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Curr Opin Mol Ther. 2009 Dec;11(6):603-10.

Membrane proteomics for leukemia classification and drug target identification.

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  • 1University of Sydney, School of Molecular and Microbial Biosciences, Maze Crescent, Sydney, New South Wales 2006, Australia.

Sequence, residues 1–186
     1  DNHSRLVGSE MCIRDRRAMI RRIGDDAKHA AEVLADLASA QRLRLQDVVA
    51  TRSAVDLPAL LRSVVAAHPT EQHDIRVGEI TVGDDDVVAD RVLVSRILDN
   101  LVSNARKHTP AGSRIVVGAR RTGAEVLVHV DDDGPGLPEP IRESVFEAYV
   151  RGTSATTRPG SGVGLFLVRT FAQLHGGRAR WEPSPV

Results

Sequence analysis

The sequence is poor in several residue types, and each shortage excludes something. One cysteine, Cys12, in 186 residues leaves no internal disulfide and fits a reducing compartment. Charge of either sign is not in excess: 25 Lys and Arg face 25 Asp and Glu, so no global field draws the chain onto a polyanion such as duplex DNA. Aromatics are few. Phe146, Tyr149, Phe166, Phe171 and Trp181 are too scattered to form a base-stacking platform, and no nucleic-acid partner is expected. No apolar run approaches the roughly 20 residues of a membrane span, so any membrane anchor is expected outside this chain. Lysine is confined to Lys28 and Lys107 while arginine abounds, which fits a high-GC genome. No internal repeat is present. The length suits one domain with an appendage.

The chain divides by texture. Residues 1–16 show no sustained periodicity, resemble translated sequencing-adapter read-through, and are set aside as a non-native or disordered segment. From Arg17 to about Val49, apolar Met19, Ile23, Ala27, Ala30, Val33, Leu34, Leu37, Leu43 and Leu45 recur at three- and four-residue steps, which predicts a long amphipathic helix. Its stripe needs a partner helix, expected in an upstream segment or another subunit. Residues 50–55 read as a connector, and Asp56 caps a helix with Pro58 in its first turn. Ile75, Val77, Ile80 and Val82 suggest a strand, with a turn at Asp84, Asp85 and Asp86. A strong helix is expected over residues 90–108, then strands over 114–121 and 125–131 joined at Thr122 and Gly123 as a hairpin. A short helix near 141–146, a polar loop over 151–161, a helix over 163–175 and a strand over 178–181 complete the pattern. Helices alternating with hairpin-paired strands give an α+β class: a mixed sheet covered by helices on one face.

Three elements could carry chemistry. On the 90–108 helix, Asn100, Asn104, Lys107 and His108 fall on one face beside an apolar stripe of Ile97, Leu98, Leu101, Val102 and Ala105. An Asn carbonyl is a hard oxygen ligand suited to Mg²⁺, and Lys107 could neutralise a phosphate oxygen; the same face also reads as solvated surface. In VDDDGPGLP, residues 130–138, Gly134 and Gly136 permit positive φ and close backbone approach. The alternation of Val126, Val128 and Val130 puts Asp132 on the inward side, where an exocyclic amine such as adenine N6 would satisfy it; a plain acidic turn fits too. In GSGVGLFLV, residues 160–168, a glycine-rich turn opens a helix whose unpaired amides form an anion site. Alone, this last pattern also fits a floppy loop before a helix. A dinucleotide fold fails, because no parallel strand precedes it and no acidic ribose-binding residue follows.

Knowledge of protein expression in the plasma membrane of leukemia cells has contributed to improvements in the detection and treatment of hematological malignancies. Recently engineered antibodies against leukemia surface molecules have improved therapeutic efficacy compared with earlier agents, but there are still side effects. An increased understanding of the surface expression profiles and interactions of membrane proteins on leukemia cells will facilitate the expansion of the role of antibodies in therapy and enable the identification of novel biomarkers for the various stages of leukemogenesis and leukemia progression. Proteomic analysis enables the identification of thousands of proteins in a membrane extract and provides information on their relative abundance, interactions and post-translational modifications. Plasma membrane proteome analysis of leukemia cells can be used to define biomarkers for diagnosis, classification, prognosis and progression monitoring, as well as to predict therapeutic response or resistance. The effects of chemotherapy on the surface proteome and the functional consequences of perturbations to membrane protein networks can provide insights into leukemia cell signaling and survival mechanisms. Surface proteins that are differentially expressed on leukemia cells are prospective targets for the development of engineered antibodies or small-molecule therapeutics. This review focuses on recent discoveries in leukemia membrane proteomics and the potential for future research into leukemia classification and drug target identification.

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